Preventing Loneliness: Considerations for College-Bound Graduating Seniors
By Kurt J. Daigle | March 2022
New research suggests that loneliness has the same physical health consequences as smoking cigarettes. The number of Americans reporting feeling loneliness on a daily basis has significantly increased since the beginning of the COVID-19 pandemic, with young adults making up the largest percentage of this increase. A recent survey from the Harvard Graduate School of Education found that 61 percent of young adults (ages 18-25) reported miserable degrees of loneliness. But why?
When I was a school counseling graduate student, I had the amazing opportunity to teach a new course called Defining Happiness; an introduction to the study of happiness and positive psychology. There is something quite ironic and surreal about teaching a happiness course during a global crisis. For our class, our conversations often revolved around barriers to happiness, happiness in dark places and the culture of happiness in a virtual world. At the end of the semester, having both read the research and listened to the experiences of college students, I walked away learning the following about happiness:
Our happiness is more within our control than it is left to chance.
Positive relationships, community and a sense of belonging strongly correlate with individual happiness.
Each Friday, our students would come to class excited to engage, converse and simply be in each other’s company. For the first time, I witnessed students who would voluntarily choose to stay after class to continue conversations. I watched students turn off their phones and stow them away for the entirety of a class period. I observed students who made an intentional effort to get to know their classmates.
This class taught me something important: Loneliness is not simply about the proximity to others, but rather our quality of connection to those around us.
Understandably, students feel great stress and anxiety surrounding their transition to college. In my work supporting students through this process, I’ve observed that the top concern of new college freshmen was rarely the rigor of classes or the job placement rate after graduation, but was more often regarding adaptation and adjustment to college life, and the people who play roles in this transition. What if my roommate and I do not get along? How will I keep in touch with my friends from home? How often will I see my parents? Will I make new friends in college?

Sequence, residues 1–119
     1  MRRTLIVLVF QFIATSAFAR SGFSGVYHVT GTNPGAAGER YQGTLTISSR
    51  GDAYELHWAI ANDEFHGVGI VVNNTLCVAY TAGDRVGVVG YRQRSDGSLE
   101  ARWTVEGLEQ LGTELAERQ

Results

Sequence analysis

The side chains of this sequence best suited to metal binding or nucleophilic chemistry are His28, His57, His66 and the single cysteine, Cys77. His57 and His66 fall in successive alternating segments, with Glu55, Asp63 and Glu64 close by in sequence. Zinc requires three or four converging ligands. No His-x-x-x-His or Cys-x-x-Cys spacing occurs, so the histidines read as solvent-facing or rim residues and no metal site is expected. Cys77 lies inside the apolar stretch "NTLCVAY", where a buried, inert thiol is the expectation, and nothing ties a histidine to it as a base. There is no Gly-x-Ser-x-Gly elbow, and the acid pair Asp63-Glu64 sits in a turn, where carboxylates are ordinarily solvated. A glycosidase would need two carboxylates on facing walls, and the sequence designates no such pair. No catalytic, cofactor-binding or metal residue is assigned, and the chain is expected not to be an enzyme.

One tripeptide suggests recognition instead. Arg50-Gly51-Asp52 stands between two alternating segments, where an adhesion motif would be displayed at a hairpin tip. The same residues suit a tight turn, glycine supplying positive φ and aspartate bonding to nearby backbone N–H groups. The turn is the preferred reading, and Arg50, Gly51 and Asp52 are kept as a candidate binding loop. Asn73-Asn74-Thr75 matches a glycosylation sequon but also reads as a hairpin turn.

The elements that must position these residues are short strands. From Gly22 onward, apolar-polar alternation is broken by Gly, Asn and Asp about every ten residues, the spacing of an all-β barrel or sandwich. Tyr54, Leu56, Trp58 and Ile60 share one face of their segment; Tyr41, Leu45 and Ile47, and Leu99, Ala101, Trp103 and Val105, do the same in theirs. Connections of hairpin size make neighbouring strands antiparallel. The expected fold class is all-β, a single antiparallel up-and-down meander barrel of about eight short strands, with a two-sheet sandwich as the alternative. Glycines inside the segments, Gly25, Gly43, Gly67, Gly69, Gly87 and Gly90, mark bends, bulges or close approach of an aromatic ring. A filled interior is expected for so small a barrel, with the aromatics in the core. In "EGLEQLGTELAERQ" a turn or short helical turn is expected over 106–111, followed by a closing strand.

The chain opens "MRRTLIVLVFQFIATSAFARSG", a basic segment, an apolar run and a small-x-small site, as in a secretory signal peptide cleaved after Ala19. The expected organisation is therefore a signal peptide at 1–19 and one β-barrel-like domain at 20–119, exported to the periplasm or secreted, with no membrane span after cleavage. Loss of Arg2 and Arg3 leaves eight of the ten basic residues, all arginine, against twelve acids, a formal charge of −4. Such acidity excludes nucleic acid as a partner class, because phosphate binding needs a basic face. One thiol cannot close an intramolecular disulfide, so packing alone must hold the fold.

This is because social connection and relationships motivate us. They provide a structured system of support that enables us to meet goals, seek counsel and feel as if we are holistically respected.
We see a strong parallel between positive relationships and academic success. As an undergraduate, I served as a mentor for students on academic probation. I quickly learned that students were often on academic probation not because there was a question of their intelligence, but often because they lacked effective skills for learning, a structured support system and (perhaps most important) a sense of belonging or community on their college campus.
With this context in mind, consider the following advice for students:
Put down the phone.
To quote one of my mentors from college: There is risk-taking in friend-making. If your college experience is anything like mine, when you arrive for your first class the room will most likely be silent – with students entranced in their phones. Making new connections in college will require us to be vulnerable and break the occasional norm. Take our happiness class, for example. Once students turned off their phones and were present in the space, opportunities to find new connections were far more frequent and genuine.
Swim in ponds, not lakes.
It is important to find smaller communities within a larger university system. These communities are sometimes bound by proximity (i.e., those in your dorm) or by common interest (i.e., athletics, volunteering or clubs). Finding a smaller pond to swim in makes a larger university feel smaller and less overwhelming.
Find a mentor.
Some of the most academically successful students are those who feel mentored, either by a peer, faculty or staff member. This is someone who is available to answer questions, address concerns and be a cheerleader when things are difficult. Mentors take away the “island phenomenon” of students who feel lost, or stranded without an oar, struggling to deduce the hidden pedagogy of a university system.
Simply put, kindness, community and belonging appear to be some of the strongest predictors for retention and academic success. I challenge you to push the boundaries of your comfort zone. When you sit down next to someone in a lecture hall, introduce yourself. Leave the door to your dorm room propped open. And when you see someone eating alone in the dining hall, ask if you could join.
To quote one of my former students, “I came for the cause, but I stayed because of the people.”
Contact Kurt J. Daigle, school counselor at Farmington High School, at firstname.lastname@example.org.